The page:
Also, pay attention to if your schedule is working! Don't be afraid to change it.

I hope some of these tips work for you and help you be successful this year with your math centers!

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### Top 15 Edible Lessons

Have you ever looked out into the faces of the your students to see blank stares, wondering eyes, fiddling fingers, or students snoring?  I think it happens to all of us!  Also, do your students want snack time right after they walk in the door?  Do you find someone sneaking their snack or part of their lunch during class?  How about this....do you get hungry throughout the day and want to sneak a snack?  I know I do!

Sooooooo.......here is some food for thought:

Why not use food for motivation?  I know your pocket can't afford to use food for every lesson, but maybe one a month?  If you are in a district where parents are involved, get their help!  I can honestly say that my students have come back to visit after several years and still remember those lessons with food!  Here are some recipes for success in all subject areas:

1.  EXPLORERS AND CHOCOLATE
After a lesson on explorers and the value of a cocoa bean, we made our very own chocolate bars.  Click for directions!    How to Make a Chocolate Bar with Students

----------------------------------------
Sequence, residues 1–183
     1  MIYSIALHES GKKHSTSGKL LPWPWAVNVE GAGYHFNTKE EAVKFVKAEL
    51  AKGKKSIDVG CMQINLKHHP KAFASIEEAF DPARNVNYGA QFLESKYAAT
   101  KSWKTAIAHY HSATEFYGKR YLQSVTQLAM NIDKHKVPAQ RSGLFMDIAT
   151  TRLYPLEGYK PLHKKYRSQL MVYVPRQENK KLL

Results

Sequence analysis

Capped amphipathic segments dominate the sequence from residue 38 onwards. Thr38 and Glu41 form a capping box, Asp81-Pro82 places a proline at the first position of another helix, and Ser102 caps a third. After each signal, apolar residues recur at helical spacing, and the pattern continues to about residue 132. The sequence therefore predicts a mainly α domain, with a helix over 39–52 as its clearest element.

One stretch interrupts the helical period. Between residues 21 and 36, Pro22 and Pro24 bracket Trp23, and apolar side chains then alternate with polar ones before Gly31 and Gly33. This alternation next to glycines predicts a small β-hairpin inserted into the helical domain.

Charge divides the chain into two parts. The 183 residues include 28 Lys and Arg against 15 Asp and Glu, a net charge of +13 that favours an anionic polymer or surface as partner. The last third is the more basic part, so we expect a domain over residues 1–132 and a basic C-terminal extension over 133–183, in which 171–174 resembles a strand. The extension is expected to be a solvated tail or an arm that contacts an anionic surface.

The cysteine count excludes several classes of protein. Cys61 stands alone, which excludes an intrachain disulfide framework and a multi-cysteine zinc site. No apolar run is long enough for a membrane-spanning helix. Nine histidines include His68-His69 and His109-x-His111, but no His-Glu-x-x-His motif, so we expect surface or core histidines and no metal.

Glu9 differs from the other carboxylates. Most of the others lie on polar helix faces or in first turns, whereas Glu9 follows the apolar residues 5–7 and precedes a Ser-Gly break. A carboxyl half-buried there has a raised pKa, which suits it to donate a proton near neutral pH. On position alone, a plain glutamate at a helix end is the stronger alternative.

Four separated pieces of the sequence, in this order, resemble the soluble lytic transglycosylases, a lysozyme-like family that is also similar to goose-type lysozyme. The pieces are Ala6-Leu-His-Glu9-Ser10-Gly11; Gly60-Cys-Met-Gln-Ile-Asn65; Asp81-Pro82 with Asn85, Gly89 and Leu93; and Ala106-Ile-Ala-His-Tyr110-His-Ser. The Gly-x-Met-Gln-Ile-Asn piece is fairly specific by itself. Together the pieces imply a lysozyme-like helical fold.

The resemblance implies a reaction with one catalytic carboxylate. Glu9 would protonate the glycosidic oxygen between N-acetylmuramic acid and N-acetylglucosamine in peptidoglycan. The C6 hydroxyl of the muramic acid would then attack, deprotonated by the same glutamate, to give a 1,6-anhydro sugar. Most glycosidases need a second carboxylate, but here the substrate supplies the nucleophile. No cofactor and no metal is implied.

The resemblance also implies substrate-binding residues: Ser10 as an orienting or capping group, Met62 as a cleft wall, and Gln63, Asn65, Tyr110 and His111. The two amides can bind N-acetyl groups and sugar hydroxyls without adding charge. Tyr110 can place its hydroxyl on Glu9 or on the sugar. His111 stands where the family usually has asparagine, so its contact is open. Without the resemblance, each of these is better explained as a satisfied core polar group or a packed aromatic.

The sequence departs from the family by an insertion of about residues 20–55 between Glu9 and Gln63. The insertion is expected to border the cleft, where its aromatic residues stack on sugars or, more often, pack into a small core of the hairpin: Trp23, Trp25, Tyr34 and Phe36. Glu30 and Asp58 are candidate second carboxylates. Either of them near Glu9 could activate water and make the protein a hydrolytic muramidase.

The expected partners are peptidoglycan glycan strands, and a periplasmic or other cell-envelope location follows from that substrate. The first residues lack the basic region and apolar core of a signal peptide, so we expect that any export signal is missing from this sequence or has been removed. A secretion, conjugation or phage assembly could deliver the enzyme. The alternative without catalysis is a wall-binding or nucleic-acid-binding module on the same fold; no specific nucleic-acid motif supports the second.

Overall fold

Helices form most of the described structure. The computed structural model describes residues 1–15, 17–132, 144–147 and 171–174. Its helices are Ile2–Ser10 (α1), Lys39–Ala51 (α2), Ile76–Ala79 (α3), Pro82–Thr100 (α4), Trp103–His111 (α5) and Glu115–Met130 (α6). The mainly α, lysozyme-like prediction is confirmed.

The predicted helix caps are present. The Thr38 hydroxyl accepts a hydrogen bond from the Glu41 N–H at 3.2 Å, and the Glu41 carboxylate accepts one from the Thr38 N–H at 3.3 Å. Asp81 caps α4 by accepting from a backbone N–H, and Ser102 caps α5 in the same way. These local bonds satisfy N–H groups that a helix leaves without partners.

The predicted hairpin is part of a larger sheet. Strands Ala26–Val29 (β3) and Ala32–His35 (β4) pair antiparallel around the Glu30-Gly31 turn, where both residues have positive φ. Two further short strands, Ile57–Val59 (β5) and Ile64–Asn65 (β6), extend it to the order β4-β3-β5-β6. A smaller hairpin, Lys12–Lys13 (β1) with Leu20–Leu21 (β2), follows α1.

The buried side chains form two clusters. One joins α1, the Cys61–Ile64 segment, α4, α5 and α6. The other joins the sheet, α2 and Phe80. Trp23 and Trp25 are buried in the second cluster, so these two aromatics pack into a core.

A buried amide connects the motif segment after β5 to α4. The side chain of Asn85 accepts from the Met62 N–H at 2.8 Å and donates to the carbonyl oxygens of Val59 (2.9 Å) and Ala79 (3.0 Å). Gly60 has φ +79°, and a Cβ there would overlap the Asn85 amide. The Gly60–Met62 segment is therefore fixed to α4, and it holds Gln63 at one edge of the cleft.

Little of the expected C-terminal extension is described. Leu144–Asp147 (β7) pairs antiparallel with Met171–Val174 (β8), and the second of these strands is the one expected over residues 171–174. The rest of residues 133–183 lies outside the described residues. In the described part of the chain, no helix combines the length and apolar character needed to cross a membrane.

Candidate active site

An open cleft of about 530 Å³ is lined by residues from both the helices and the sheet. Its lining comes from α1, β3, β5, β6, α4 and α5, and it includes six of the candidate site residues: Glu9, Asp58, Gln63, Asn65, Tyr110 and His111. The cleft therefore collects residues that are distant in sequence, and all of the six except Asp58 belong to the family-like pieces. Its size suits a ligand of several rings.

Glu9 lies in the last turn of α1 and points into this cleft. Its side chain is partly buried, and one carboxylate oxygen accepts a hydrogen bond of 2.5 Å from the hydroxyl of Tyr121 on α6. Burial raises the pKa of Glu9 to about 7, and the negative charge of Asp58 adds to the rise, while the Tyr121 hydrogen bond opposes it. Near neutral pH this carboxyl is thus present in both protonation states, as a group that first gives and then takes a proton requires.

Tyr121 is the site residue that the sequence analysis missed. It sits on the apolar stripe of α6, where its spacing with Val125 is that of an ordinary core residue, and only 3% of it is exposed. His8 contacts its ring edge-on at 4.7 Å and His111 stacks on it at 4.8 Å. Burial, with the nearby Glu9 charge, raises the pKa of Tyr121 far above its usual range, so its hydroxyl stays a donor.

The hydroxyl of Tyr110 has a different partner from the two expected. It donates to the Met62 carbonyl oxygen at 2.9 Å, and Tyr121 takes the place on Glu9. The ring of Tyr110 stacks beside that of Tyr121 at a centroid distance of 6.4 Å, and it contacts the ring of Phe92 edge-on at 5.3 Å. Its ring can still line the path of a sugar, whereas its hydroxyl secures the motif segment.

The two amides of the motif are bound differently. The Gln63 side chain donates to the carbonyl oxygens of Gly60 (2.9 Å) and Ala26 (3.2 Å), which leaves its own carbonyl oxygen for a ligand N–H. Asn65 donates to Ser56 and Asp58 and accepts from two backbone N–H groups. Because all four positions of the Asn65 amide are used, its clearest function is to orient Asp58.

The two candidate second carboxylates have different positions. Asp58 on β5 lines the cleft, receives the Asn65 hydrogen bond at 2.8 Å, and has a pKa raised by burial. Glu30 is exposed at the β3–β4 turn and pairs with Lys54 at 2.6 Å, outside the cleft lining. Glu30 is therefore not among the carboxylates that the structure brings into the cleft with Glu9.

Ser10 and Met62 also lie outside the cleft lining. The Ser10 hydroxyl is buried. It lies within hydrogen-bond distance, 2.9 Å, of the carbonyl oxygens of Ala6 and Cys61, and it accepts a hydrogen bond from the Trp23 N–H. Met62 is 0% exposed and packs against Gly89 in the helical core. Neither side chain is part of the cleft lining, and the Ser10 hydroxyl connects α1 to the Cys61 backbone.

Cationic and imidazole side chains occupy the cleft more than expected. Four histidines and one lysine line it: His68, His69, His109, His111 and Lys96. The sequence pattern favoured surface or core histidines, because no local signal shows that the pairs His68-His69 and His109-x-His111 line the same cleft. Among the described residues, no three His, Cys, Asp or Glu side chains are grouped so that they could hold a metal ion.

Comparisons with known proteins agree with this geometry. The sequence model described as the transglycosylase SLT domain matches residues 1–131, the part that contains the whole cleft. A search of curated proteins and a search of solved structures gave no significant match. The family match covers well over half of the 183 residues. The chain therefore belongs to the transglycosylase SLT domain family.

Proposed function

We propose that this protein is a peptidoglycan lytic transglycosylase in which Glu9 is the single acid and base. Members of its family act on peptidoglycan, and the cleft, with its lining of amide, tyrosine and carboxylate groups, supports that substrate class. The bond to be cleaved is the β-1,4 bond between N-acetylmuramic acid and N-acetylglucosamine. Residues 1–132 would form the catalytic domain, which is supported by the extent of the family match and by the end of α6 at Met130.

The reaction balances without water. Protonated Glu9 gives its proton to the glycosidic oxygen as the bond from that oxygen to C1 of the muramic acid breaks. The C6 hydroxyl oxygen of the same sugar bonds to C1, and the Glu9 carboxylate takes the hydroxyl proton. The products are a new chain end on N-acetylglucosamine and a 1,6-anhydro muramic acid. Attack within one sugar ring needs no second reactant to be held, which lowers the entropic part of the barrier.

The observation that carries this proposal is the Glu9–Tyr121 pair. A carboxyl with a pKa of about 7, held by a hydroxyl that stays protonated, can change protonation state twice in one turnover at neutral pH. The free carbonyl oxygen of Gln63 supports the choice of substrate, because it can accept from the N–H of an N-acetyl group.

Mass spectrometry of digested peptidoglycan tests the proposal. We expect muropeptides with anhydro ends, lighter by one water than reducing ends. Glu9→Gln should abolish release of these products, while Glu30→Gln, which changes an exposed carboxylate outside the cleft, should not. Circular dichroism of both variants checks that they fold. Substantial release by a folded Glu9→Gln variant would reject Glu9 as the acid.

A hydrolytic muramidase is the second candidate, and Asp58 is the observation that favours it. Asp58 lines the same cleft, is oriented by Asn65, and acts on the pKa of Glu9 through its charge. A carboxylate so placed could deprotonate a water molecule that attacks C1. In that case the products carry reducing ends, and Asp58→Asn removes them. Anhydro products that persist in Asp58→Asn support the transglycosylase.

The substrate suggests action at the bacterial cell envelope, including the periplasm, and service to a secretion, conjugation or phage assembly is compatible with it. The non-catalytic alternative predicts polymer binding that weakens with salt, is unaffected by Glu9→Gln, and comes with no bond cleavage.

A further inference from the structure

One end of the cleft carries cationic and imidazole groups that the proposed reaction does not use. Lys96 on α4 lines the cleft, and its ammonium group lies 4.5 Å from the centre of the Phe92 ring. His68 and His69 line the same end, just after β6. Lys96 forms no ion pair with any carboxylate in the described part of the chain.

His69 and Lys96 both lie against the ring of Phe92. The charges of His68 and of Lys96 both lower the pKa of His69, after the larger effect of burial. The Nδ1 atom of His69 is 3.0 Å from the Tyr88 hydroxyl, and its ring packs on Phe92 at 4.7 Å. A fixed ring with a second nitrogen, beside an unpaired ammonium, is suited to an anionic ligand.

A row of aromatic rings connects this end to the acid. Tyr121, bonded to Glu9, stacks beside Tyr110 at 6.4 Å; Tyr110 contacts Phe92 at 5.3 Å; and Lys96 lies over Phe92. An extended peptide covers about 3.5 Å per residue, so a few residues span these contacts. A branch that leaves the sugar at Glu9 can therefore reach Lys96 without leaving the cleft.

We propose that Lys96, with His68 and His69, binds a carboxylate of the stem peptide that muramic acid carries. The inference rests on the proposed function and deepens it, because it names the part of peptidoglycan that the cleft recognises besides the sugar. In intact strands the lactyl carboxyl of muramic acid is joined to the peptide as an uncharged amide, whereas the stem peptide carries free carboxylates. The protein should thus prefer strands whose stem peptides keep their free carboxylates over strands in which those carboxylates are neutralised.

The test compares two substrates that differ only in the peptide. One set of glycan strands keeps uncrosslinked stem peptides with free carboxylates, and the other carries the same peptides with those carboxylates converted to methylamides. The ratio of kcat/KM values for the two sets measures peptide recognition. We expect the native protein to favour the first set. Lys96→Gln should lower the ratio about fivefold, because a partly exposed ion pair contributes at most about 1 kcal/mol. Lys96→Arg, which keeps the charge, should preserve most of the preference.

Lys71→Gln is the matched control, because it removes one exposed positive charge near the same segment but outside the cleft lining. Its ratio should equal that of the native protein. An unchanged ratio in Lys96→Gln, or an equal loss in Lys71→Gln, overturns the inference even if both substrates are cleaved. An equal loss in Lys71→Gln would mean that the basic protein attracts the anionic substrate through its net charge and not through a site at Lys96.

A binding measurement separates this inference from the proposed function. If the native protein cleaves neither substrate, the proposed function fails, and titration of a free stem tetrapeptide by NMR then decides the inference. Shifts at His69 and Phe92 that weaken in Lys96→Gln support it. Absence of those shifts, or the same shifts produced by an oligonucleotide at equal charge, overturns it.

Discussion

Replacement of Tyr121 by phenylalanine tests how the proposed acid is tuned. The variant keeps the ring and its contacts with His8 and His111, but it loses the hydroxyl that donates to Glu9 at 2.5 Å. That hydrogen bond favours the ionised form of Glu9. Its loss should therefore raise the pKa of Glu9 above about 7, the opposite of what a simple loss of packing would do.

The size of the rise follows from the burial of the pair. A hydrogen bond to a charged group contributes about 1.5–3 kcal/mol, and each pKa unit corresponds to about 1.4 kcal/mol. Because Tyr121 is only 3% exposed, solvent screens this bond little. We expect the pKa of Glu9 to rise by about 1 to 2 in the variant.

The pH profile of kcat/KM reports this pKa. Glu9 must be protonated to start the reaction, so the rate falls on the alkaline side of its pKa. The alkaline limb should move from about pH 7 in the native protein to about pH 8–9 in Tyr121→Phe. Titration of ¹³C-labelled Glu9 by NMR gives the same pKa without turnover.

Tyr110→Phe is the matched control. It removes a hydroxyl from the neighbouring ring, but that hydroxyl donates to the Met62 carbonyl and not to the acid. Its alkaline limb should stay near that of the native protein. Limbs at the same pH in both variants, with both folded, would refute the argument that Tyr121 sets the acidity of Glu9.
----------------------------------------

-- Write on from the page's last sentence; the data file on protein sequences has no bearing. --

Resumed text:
2.  PARAGRAPH WRITING AND HAMBURGER CUPCAKES
Of course since my passion is writing, I love serving hamburgers when teaching paragraph writing, but if you are a sweet freak, you will love the fact that Walmart sells hamburger cupcakes!  No lie!  I was just there today and you can get some loaded or unloaded (just ketchup and mustard icing) hamburger cupcakes.  Here is a pic of a loaded hamburger.

3.  CHARACTER TRAITS AND SKITTLES
Use skittles for a character traits lesson!  Make sure you have extras to taste!

4.  FRACTIONS AND SNACKS
See Jennifer William's post on how she uses snacks to teach fractions!   Fraction Fun with Snacks.  I've also seen fractions done with Hershey Bars, Kit Kat Bars and Pizza!  Make sure there are extras to taste!

5.  CHRISTMAS AROUND THE WORLD PROJECT AND INTERNATIONAL FOOD FAIR
We like to do this after our Christmas Around the World project.  I give my students extra credit for bringing in a food item from the countries they studied.  I laugh every time because parents aren't shy to bring in things the kids won't touch with a ten-foot spoon!  The parent volunteers and I will taste it though!  Yum!  Click for more info!  International Food Fair Blogpost